The new and improved Orange Week supports those in need


As students walked into class on Tuesday, March 21, they were utterly stunned to see a cowgirl in their classroom only to then realize it was history teacher Laura Stiles. Although this is a rarity for Stiles, she had every reason to do so, thanks to Orange Week. 

Orange Week is hosted by Kids’ Food Basket in West Michigan, where schools in specific districts raise awareness and resources for children in need of food. March is National Nutrition Month, and many may not come to see the value of having food due to the fact that it is something they never had to second-guess having. Not everyone has a pantry full of plentiful and endless amounts of food to eat from. Many Michigan homes battle to afford essential household items with the most sufficient out of all being food. 

Stiles was eager to take part in this and also pave a new path for the compassionate FHC community. She very clearly understands that food isn’t something that should be taken for granted. 

“I can’t believe some kids don’t have food,” Stiles said. “I think food should be God-given and something you are born with the right to. I am horrified that we have that many kids that don’t have dinner. Around here, most of us are so lucky, so the least we can do is kick in and give some of these kids dinners.” 

Stiles wants support from FHC to better the lives of those in need. In order to accomplish this, Stiles has created Orange Week for all of the schools in our district. 

This is a completely new week-long participatory event to bring awareness to the problem. It includes athletics, themed school days, a quiz bowl, food donations, and, of course, an assembly to spread the word. One of the most important activities, though, is coloring brown paper bags for the children to hold their food in. 

“I want everyone in the district to color a brown paper bag,” said Stiles. “Every kid in every district is required to color a brown paper bag. It only takes three minutes, and then, the student council will deliver the bags to the organization.”

While some students get carried away with designing and coloring on their brown paper bags, other students participate by showing off their athletic skills or their quiz bowl skills. 

Stiles took this act of kindness and expanded it even more to show how much more students can really do. This expansion includes competitions amongst FHC, FHN, and FHE.

“[On Monday], we had dodgeball,” Stiles said. “[On Tuesday], we have quiz bowl. We wanted more teams, but this is a whole new tradition. It was my big idea to make it a competition. One of my goals is to beat Northern and Eastern, [but] truly, to support Kids’ Food Basket. We’ll give it a shot. This is your first year. I am excited. I hope we win.” 

To support this big win by hopefully beating Northern and Eastern, and overall helping the community is senior Caroline Logan. Caroline is a part of the student council and has lent helping hands to aid those in need struggling because of this problem. 

She feels firm about the need for food, especially for growing children. Her perspectives are eye-opening to the issue for those who may not completely see it. Those perspectives are why she is concerned and helping.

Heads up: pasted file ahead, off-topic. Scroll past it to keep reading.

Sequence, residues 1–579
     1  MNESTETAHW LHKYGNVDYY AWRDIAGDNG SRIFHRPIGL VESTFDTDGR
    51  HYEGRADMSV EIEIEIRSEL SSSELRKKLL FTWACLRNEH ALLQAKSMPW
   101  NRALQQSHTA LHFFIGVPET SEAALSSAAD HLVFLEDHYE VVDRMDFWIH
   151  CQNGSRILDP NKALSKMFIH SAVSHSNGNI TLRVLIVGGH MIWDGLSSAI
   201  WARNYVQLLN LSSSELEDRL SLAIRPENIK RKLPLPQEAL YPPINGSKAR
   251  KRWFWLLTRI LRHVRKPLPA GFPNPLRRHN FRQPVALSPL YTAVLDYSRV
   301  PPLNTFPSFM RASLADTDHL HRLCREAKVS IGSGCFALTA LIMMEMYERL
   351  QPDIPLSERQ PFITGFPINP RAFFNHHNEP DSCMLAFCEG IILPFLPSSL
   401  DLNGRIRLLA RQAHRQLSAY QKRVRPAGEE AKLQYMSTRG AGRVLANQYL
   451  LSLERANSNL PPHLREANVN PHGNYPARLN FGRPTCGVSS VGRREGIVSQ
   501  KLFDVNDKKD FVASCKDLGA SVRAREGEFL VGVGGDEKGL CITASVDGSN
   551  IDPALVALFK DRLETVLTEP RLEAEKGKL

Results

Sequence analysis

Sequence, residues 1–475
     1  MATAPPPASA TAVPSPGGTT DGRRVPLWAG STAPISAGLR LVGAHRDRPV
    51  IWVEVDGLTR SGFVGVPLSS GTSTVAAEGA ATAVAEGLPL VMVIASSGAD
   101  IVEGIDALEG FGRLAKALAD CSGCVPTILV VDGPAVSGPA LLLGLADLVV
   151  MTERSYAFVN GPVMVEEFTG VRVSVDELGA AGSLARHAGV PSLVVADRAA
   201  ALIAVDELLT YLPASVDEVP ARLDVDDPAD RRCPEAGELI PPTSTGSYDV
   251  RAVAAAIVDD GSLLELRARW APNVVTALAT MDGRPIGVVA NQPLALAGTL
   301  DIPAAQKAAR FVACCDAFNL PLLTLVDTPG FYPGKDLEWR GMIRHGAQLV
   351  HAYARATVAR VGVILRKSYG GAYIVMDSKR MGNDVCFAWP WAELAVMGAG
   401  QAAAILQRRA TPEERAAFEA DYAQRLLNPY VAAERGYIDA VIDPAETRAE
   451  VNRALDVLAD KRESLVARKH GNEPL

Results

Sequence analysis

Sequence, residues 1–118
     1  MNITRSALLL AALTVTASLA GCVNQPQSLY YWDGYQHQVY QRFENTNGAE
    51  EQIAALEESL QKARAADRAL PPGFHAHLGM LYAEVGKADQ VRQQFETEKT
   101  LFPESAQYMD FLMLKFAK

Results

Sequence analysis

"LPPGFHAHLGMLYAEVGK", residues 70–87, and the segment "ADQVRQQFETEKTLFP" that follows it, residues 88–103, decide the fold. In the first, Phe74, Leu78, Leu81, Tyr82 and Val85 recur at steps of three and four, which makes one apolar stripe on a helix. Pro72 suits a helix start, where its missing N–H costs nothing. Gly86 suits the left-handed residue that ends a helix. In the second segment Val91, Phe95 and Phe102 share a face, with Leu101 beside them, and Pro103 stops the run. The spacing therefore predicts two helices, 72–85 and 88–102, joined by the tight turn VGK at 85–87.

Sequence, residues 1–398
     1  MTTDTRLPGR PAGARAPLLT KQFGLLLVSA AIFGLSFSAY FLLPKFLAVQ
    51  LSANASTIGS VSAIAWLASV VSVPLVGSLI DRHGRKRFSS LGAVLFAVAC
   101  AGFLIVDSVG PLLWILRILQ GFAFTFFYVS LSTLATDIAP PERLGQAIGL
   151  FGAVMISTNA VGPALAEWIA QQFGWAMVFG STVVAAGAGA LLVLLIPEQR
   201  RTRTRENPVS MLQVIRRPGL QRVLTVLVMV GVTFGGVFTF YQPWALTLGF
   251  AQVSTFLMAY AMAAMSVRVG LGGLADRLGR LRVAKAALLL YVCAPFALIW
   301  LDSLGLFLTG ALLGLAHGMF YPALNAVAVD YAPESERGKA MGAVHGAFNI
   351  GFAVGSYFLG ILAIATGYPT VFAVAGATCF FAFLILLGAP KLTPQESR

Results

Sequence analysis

“I am really involved in Orange Week through the student council,” Caroline said. “I help run these types of things. It is so important to me because food is critical to our being, and everyone should deserve equal access to food. It affects you mentally, your growth, and it distracts you in school if you don’t have enough food. Even if you haven’t experienced it, so many people have and need help. My main goal is to see as much participation as we can in all the events. It is always fun to compete against Northern and Eastern, but obviously, it is most important to bring as much food as we can.” 

To attain Caroline’s main goal, there are another five easy acts of participation that every single student can do. Those are themed school days. 

On Monday, it is pajama day, Tuesday is cowboy day, Wednesday is trash bag day, Thursday is biker vs. surfer day, and Friday is orange day. The Wednesday trash bag theme may seem puzzling, but that’s the point. The student council added new themes to catch students’ attention. For Caroline, the trash bag theme was the most enticing. 

“I like the trash bag day,” said Caroline. “It is something we haven’t done before. I think it is a break from our usual themes. I am embodying trash bag day. My outfit will be a trash bag styled as a shirt.”

As another student council member—class president, to be specific—Gavin Cai also feels very passionately about this issue. He has taken part by wearing a trash bag as well.

Gavin had very similar goals and perspectives as Caroline and Stiles. Those goals are partially to win the competitions but mostly to genuinely help those who need it most. 

“I wanted to get involved because I want to give back to the community and to give back to those in need of support,” Gavin said. “We are in a position where we can help people, so we should. One other goal is also to beat Northern and Eastern.” 

Overall, Stiles has become a true trailblazer and has taken the lead on the new Orange Week. She is a person for FHC students to look up to and to follow in her footsteps. Alongside Stiles are the students like Caroline and Gavin ready to help and show that students care and are willing to assist in improving our community. 

Stiles sets an extraordinary example of what students should be like: supportive, eager, and helpful. She puts lives into perspective, reminding students that not everyone goes home and has food. 

“I am horrified that we have that many kids that don’t have dinner,” said Stiles. “Around here most of us are so lucky, so the least we can do is kick in and give some of these kids dinners.”